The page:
A Love Letter to a Lost Hong Kong

Hong Kong Apostasy

This is the latest chapter in an account of the former British colony, now a special administrative region of the People’s Republic of China. It consists of three excerpts from For the Love of Hong Kong: A Memoir From My City Under Siege, a book by Hana Meihan Davis published by Global Dispatches.

Hana Meihan Davis 戴味閒 was born and educated in Hong Kong, and she is part of a family that has been actively engaged with the city’s public life and political fortune for decades. Her mother, Victoria Tin-bor Hui, is a noted political scientist and her father, Michael C. Davis is a lawyer and professor of law. Both are prominent public intellectuals. Having graduated in architecture and journalism from Yale University in 2020, Hana Meihan Davis continues to pursue work in both fields. For the Love of Hong Kong is her first book.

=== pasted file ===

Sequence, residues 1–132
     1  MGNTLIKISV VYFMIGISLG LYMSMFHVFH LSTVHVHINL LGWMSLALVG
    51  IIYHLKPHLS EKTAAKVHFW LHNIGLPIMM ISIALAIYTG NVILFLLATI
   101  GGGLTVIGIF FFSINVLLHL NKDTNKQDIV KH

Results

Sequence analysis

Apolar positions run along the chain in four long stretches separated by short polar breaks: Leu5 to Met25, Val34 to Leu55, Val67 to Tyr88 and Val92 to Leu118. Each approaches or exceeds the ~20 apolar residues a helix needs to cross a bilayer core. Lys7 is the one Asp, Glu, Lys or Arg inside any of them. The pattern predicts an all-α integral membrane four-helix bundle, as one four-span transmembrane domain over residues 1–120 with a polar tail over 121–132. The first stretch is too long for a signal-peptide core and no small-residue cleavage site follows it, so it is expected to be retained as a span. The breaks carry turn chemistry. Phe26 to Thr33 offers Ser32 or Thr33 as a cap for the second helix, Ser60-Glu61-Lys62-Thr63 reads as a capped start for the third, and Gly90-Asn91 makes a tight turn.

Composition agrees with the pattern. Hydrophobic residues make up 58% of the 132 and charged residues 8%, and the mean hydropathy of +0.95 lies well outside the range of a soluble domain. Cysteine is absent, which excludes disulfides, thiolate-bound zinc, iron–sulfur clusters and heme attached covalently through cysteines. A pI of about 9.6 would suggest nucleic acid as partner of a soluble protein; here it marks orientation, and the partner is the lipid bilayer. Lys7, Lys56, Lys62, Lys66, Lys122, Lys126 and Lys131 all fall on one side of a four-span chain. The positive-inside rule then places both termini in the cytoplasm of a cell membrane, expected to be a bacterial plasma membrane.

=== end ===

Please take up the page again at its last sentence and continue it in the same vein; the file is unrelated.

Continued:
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淪陷 lúnxiàn — ‘a state of occupation’ or ‘territory fallen into enemy hands’ — is a term that writers like Lee Yee 李怡 have long used to describe Hong Kong’s post-1997 condition. For the Love of Hong Kong is an account of the city both before and after the fall. Apart from offering her personal insights into the plangent fate of a unique global city, Davis also celebrates some of the men and women who have fought alongside the citizens of Hong Kong to protect it.

The prominent Hong Kong activists Brian Leung and Margaret Ng both feature in Davis’s book. They have also been part of our own record of Hong Kong’s ‘apostasy’. See, for example:

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Midnight 1 July 1997 marked the formal transfer of sovereignty over Hong Kong from the United Kingdom to the People’s Republic of China, bringing to an end 156 years of British rule over the former colony. The city and its environs now became a ‘special administrative region’ of China’s People’s Republic.